This seems useful and healthy – this Facebook group called Women Who Eat on Tubes*, which features sneak photos of just that.
Sarah Hardcastle, in a T-shirt reading “women who eat wherever the fuck they want”, produced a bottle of juice neatly relabelled “bloody feminist cocktail”.
“It’s very bitter,” she explained.
The gathering in a London underground train carriage was a response to a controversial Facebook group entitled Women Who Eat on Tubes, featuring surreptitious mobile phone photographs of just that.
Hardcastle, an advertising copywriter, was already wearing the T-shirt when she heard Lucy Brisbane McKay confront film-maker Tony Burke on the Radio 4 Today programme on Friday, and realised gratefully that she and her friends were not the only ones who found his Facebook and Tumblr pages creepily misogynist.
Oh, pshaw. It’s important to monitor the behavior of women in public so that they will be sure to either do the right thing (as determined by randos with camera phones) or stay home.
It was, Burke said, an art project, mere reportage – “an observational study”.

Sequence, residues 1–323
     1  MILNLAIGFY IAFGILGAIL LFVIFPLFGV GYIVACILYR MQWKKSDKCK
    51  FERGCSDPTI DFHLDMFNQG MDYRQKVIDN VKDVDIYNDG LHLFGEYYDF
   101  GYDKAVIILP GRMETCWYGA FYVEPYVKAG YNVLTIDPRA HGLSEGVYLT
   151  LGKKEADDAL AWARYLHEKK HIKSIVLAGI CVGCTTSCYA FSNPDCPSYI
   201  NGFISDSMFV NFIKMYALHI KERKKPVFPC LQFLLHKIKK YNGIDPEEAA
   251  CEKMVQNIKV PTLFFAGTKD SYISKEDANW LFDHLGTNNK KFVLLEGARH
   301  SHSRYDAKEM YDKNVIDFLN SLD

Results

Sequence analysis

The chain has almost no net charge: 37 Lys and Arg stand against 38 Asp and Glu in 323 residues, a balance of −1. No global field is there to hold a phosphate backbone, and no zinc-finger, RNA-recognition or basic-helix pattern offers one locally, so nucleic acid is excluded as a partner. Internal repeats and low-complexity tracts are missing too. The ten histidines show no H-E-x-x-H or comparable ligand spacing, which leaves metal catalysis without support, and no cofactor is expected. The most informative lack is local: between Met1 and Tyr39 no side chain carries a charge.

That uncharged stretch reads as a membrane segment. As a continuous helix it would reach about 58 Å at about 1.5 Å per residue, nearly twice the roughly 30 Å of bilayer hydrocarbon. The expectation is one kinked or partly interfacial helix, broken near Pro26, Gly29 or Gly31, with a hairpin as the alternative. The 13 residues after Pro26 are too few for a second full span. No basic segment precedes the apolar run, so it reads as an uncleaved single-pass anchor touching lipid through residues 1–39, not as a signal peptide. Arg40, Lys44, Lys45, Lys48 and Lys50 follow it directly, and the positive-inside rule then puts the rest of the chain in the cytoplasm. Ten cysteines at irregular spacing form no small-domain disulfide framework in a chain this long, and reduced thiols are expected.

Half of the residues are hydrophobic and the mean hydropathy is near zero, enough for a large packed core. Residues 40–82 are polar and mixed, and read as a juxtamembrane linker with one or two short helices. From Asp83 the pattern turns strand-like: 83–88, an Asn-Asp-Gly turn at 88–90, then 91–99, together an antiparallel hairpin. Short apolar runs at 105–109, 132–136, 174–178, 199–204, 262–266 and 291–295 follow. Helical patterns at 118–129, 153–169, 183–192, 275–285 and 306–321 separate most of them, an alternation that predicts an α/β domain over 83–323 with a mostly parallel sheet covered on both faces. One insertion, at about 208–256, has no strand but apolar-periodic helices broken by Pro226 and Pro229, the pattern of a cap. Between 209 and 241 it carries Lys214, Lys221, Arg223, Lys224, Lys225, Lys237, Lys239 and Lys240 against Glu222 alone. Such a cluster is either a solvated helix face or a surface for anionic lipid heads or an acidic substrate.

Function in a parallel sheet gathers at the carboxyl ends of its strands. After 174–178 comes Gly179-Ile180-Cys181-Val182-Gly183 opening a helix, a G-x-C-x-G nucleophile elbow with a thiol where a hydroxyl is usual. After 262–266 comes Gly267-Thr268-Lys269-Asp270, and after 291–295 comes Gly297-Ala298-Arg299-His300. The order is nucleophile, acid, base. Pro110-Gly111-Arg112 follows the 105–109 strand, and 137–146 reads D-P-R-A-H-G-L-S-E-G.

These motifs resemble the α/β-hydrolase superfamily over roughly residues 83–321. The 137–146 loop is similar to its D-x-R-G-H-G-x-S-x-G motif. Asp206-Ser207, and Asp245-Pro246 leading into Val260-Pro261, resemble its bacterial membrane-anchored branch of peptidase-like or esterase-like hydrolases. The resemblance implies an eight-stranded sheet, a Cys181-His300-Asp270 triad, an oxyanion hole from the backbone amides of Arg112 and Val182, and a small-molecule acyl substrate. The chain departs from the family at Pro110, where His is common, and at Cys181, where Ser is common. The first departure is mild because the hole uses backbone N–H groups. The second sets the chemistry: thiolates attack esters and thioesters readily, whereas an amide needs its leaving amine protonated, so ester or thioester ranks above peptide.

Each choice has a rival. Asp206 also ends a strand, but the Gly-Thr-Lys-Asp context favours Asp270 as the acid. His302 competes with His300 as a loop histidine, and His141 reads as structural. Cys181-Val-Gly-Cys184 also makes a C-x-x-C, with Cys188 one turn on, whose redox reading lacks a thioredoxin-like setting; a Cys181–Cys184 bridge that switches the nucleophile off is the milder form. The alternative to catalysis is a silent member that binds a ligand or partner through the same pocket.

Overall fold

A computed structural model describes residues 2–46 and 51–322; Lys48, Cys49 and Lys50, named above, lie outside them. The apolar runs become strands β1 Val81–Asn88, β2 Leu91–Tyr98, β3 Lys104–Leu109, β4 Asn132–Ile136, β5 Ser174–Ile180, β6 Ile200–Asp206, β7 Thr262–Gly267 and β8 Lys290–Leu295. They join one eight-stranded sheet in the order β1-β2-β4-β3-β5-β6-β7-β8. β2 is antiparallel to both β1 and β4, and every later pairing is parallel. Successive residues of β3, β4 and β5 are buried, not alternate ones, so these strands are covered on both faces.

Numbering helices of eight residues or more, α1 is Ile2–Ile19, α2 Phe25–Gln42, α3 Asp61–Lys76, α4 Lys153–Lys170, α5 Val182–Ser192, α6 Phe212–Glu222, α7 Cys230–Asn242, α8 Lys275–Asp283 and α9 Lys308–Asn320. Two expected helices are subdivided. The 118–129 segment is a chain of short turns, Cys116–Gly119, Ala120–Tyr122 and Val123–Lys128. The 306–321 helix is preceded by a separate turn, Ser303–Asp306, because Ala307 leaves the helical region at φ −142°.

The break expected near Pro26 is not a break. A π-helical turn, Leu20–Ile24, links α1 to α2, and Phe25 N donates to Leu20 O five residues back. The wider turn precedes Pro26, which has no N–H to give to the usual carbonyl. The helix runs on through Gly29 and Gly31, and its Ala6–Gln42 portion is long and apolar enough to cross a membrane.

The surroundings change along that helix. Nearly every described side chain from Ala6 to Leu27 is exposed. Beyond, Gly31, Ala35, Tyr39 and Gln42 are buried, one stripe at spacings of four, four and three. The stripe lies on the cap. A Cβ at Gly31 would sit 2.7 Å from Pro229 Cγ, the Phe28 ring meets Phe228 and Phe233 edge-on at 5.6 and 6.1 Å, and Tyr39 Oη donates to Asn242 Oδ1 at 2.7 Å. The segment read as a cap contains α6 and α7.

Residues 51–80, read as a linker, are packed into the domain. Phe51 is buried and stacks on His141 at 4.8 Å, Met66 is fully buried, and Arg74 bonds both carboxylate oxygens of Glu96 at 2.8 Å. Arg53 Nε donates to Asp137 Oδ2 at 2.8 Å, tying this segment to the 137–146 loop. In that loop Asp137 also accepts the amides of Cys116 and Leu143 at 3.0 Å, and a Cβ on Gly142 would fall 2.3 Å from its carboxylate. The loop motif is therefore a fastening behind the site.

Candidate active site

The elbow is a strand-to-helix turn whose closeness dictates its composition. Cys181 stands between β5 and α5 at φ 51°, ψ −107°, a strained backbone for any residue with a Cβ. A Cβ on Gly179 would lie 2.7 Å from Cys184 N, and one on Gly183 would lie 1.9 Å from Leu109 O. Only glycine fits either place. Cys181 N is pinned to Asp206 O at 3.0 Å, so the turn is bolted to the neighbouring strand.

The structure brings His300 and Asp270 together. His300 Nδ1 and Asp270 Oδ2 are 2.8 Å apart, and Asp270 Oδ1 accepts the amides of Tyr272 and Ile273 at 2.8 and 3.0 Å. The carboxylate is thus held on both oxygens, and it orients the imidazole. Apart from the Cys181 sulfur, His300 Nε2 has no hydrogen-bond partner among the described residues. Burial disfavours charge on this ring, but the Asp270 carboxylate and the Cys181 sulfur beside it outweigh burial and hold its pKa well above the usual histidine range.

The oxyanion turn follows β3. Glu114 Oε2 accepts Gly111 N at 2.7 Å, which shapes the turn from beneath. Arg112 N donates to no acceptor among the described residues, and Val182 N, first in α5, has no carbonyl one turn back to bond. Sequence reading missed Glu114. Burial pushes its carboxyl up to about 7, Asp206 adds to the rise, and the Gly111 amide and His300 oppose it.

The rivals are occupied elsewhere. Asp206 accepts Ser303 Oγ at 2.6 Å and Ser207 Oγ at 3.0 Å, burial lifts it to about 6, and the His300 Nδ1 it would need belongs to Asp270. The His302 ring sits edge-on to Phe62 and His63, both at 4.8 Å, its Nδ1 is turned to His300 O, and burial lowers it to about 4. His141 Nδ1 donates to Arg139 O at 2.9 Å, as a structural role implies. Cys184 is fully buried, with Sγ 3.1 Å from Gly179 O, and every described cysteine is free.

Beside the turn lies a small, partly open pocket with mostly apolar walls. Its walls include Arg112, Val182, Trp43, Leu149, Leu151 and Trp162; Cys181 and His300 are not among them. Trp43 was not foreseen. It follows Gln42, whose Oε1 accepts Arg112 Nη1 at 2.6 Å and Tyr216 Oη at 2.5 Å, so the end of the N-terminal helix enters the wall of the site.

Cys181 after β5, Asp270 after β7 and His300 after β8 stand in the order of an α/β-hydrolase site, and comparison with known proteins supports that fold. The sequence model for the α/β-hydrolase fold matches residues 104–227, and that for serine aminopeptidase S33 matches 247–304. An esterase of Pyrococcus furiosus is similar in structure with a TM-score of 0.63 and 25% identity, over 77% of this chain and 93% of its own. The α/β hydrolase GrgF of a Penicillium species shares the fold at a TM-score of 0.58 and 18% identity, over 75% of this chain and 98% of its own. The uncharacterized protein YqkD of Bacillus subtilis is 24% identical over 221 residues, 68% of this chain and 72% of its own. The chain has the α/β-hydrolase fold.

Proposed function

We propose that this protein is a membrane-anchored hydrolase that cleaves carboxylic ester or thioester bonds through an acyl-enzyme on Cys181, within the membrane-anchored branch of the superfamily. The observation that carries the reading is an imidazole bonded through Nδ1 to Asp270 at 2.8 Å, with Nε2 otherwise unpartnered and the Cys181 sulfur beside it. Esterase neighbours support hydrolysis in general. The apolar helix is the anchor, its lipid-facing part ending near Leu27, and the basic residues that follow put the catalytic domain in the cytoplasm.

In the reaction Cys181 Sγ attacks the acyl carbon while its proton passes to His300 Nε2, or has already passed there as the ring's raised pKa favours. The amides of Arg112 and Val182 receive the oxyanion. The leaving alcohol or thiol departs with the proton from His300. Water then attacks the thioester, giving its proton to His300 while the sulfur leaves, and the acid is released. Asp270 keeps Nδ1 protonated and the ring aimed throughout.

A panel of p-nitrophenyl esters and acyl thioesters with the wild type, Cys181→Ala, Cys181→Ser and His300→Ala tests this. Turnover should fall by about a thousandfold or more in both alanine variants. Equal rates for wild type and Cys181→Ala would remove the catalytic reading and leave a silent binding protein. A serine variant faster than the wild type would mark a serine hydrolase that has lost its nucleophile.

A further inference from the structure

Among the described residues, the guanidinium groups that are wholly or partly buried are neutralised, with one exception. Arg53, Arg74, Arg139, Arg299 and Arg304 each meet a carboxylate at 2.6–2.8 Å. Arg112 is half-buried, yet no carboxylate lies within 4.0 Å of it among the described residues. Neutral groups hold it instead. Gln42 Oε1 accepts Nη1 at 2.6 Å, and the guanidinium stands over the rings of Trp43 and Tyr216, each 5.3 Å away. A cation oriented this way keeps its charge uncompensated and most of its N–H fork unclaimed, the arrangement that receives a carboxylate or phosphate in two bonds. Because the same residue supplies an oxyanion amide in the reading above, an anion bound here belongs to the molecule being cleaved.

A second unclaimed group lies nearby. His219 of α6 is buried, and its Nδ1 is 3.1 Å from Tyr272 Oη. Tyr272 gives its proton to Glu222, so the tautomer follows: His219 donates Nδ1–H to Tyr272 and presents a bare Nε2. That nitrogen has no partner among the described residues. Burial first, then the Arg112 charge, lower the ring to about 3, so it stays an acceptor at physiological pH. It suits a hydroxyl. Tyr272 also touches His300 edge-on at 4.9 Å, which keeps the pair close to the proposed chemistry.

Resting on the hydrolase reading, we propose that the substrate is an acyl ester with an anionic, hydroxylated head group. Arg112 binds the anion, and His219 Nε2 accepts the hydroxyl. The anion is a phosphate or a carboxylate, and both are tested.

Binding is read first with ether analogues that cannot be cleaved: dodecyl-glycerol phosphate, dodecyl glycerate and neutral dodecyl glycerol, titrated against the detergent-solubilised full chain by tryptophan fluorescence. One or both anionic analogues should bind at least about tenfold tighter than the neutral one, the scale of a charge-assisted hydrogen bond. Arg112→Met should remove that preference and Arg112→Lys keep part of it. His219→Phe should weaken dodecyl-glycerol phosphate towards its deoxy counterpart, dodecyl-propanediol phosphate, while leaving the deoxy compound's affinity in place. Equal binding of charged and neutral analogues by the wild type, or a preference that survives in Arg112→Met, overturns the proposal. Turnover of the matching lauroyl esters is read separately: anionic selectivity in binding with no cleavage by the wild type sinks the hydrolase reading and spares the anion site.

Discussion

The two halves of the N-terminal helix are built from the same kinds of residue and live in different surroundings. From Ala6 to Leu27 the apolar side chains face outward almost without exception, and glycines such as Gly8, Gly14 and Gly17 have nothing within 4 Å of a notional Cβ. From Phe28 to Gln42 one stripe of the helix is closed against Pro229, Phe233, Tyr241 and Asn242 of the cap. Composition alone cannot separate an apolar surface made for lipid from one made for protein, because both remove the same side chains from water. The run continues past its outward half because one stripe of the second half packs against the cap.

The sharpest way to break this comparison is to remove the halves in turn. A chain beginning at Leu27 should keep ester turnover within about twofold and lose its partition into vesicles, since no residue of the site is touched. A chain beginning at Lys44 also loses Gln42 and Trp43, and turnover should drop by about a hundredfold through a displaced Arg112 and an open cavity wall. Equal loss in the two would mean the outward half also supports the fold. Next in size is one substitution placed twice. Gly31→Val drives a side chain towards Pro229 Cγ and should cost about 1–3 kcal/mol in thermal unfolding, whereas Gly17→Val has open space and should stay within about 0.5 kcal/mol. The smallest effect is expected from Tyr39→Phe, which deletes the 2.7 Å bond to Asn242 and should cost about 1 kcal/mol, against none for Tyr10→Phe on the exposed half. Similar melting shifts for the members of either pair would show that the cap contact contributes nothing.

Julia Bohanna disagreed. “I write about art and that’s rubbish,” she said. “You only have to look at captions commenting on the size of a burger a woman is eating. It’s voyeuristic bullying, turned on a group which may include many vulnerable people. The mere idea that these photographs could be called high art is borderline hilarious.”
I think “contemptible” is the word, more than “hilarious.”
Hardcastle said: “Some people have asked us: ‘Why are you standing up about this? Why aren’t you tackling a real cause?’ But you can’t do everything – and when you can do something, it’s better than doing nothing.”
In other words, some people were all “Dear Muslima” – so fuck them.
* “Tubes” in the sense of the London Underground. “On Tubes is slightly odd, now I think about it; “on the Tube” would seem more normal to me, but “on Tubes” just means on different trains on the Tube.